The next morning, school was closed. The fire had burned several homes very close to the school. We learned that the school was intact, but there was smoke damage. Later in the morning, our power came back on. The only damage we had sustained was a blown down section of wood fence. We listened to news reports. It had snowed higher up and lightly rained down in the lower elevations, both of which helped the firefighters gain more control. The fire was 65% contained. The highway was still closed. The entire area was on lock down. The fire was still burning in areas and they were trying to get it completely contained. It started raining and it rained all day.
On Saturday, they opened the highway and the road that connects us to it. We drove into town to run errands. The burned areas took my breath away. Beautiful wild areas were gone. Blackened soil was all that remained. As we drove further, we saw areas where the fire had burned all the way up and around homes. But, the homes themselves were spared by the firefighters hard work. It was an amazing sight to see. We saw this same thing over and over again. You could tell just by looking that the firefighters stood their ground and fought for every home.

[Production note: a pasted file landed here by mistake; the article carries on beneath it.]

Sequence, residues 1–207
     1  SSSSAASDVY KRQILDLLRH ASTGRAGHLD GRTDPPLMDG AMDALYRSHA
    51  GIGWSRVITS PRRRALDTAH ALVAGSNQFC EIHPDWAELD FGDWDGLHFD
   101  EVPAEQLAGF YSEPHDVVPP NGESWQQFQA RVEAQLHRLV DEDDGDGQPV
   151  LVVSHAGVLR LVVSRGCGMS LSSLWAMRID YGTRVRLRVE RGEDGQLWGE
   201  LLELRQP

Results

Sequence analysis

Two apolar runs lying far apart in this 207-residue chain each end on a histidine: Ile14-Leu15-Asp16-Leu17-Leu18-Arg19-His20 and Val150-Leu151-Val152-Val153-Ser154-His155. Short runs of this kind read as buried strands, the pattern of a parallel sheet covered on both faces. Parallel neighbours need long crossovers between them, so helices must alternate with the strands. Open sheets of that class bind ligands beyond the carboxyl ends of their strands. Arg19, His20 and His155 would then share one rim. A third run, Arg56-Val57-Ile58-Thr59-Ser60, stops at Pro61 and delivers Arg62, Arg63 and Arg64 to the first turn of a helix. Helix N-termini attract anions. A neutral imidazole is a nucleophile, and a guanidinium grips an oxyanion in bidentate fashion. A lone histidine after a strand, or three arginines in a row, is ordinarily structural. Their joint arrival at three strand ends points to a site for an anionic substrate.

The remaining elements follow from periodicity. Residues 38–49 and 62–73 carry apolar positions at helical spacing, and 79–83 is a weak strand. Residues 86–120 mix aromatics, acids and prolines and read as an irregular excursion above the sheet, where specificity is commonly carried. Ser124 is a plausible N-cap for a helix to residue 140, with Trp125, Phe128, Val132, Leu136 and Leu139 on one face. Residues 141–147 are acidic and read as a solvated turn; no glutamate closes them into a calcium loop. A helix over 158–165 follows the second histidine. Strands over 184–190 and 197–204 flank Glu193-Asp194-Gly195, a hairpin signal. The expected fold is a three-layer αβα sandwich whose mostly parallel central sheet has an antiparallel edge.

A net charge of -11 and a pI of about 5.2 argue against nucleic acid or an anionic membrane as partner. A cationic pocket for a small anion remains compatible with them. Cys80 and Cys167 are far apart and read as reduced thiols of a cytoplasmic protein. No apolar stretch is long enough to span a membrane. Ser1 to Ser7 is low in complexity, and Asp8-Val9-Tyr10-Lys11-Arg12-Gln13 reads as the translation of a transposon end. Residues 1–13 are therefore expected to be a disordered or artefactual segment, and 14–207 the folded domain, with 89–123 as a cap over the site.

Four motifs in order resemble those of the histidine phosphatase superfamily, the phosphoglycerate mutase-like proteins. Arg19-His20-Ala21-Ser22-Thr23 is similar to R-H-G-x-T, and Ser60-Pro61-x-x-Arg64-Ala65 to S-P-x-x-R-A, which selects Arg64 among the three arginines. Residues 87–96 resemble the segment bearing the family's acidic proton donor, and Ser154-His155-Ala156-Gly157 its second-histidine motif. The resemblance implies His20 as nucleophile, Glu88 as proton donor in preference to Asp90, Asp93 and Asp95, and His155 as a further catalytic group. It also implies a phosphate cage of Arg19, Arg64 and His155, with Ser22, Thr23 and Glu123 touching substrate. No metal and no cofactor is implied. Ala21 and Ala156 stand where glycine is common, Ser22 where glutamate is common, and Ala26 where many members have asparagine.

In the end, one life and 29 homes (and everything in them) were lost. People lost dogs, cats and horses. 3200 acres burned. The one family lost their beloved grandmother, her home, their home, three horses and everything except the clothes on their backs. It’s terrible. But, it’s amazing that more lives and homes were not lost. This fast moving fire could have done so much more damage, had it not been for those heroes who stood their ground.
I’d like to thank the teachers and staff at my children’s school for keeping them safe; the bus drivers for getting them safely evacuated; the teachers and staff at the high school for taking care of them after they were evacuated; and the firefighters, emergency personnel, the Forest Service personnel, the National Guard, the police and the sheriff’s departments for going above and beyond the call of duty. I wish I could buy every one of you a beer.